(Learn about new insights into violence in the pre-contact West: “Mass Grave Found in California Reveals Prehistoric Violence Against ‘Outsiders’“)
All told, the archaeological evidence seemed to indicate that the site was burned suddenly, and without warning, as part of a violent attack, Guebard said.
And, he added, this was corroborated by accounts given by several members of Native American clans, whose oral histories describe an attack on Castle A by rival bands that sought to drive the Sinagua out.
“Years before starting the project, I had heard from tribal members that there were stories about violence at the site,” Guebard said.
“So as I started to realize that the archaeological evidence was supporting violence at Castle A, I felt it would be helpful to get their unique perspectives on the project and on my interpretation of the data.”
A member of the Bearstrap Clan of the Hopi, for example, which traces its history back to the construction of the cliff dwellings, recounted tales of Sinagua villagers fleeing into Montezuma Castle and pulling up the ladders, isolating themselves inside while invaders set it on fire.
Meanwhile, modern members of the Dil zhe’e, or Tonto Apache, gave accounts of Apachean ancestors striking up an allegiance with the neighboring Yavapai, who together evicted the Sinagua from the cliff dwellings by “burning them out.”
“What was interesting is how close the oral histories match up with the archaeological evidence,” Guebard observed, “but also how each story provided a unique and different perspective of the event represented by the archaeological evidence.
“This is surprising and doesn’t happen very often.”
Together, the archaeological evidence and oral histories paint a picture of diverse cultures in the Verde Valley in the 14th century — a scenario with significant implications for our understanding of what life in pre-contact Arizona was really like, Guebard noted.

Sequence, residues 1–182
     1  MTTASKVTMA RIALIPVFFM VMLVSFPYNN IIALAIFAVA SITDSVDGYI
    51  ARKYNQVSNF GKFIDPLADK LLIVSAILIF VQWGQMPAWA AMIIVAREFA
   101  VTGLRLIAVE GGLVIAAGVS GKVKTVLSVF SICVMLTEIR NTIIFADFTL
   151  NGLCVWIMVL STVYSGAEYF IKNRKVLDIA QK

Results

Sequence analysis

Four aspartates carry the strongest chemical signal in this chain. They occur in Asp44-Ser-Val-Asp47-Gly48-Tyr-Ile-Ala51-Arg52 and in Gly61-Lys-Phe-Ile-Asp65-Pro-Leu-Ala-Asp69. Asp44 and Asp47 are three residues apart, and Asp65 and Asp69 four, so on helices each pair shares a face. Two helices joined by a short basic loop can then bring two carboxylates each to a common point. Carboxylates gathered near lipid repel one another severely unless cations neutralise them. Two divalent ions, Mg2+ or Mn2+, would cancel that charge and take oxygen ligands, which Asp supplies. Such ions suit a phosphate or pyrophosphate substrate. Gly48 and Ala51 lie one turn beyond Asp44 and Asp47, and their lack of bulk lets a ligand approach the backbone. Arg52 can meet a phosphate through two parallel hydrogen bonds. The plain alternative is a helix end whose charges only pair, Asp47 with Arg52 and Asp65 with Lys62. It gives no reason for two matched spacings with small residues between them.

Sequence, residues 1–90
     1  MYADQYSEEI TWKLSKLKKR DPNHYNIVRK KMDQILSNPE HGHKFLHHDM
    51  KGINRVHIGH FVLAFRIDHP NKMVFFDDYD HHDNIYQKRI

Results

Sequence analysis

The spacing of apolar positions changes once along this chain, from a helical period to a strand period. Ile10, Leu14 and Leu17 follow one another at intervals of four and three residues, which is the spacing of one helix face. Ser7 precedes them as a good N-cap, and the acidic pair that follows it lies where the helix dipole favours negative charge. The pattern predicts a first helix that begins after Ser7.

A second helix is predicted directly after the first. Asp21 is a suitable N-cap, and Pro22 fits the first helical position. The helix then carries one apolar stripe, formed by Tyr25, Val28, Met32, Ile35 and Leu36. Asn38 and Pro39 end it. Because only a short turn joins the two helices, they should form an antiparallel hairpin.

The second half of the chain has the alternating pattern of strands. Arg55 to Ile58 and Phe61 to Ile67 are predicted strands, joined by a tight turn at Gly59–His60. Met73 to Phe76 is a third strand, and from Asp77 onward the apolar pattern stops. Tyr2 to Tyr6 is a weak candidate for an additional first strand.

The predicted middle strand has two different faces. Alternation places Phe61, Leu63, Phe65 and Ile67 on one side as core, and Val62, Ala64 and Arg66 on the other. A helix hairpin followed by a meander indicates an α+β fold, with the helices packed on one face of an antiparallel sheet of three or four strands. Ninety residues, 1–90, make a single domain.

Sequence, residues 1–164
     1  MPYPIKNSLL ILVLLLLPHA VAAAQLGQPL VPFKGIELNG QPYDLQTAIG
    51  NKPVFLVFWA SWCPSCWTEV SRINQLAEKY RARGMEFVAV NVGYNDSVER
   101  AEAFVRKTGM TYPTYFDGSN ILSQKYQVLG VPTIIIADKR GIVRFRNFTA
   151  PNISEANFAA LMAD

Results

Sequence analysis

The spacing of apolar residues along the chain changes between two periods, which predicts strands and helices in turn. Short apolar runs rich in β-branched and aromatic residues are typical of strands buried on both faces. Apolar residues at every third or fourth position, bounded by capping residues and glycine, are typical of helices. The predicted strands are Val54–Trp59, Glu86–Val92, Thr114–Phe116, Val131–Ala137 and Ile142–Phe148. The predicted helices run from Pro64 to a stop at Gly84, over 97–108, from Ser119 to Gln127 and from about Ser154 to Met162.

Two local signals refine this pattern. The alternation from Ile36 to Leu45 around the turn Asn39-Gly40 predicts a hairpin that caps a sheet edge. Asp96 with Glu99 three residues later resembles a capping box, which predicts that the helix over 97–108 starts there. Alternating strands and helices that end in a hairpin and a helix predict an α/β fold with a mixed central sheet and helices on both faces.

For one thing, many anthropologists believe that the ancestors of the modern Apache and Yavapai didn’t migrate to the American Southwest until the 16th century.
In recent years, new evidence has begun to mount that suggests Apachean ancestors did indeed arrive as early as the 1300s, and Guebard noted that his research may add to it.
“I hope that the paper elicits some discussion about the possibility that ancestral Apache and Yavapai people were living in Central Arizona much earlier than archaeologists previously thought,” he said.
(See some of this recent evidence: “Long-Hidden Sites Discovered in the Southwest May Change Views of Ancient Migrations“)
Moreover, he added, his research into the fate of Montezuma Castle, Castle A, and their inhabitants shed new light on the value of oral histories in clarifying a historical record that’s often dismissed as being impenetrably “prehistoric.”
“Many archaeologists have been skeptical about the use of oral histories, and rightfully so,” Guebard said.
“It is often difficult for non-tribal researchers to incorporate information that may seem mythical or anecdotal in nature.
“In this case, the oral histories and the archaeological data fit together really well. So I think this study shows that oral histories can supplement information in the archaeological record.
“That doesn’t mean that every oral tradition will be useful for a researcher, but it does suggest that the collection of oral histories should become a standardized part of every archaeological investigation.
“In my experience, tribal representatives have insight that can’t be acquired through archaeological data collection alone.”
The effort to understand what happened to one of central Arizona’s most important landmarks is by no means over, Guebard added.
If violence did precede the evacuation of the Montezuma Castle cliff dwellings, more work still needs to be done in order to understand what happened next.
“One of the conclusions of the study is that violence caused the abandonment of the Montezuma Castle village, not necessarily the Verde Valley as a whole,” Guebard said.
“Future archaeologists working at other sites in the Verde Valley will need to contribute to that discussion.”
Guebard published his findings in the journal Kiva.
Guebard, M. (2016). During the Migration Time: Oral History, Violence, and Identity in the Prehistoric Verde Valley KIVA, 82 (3), 259-277 DOI: 10.1080/00231940.2016.1208632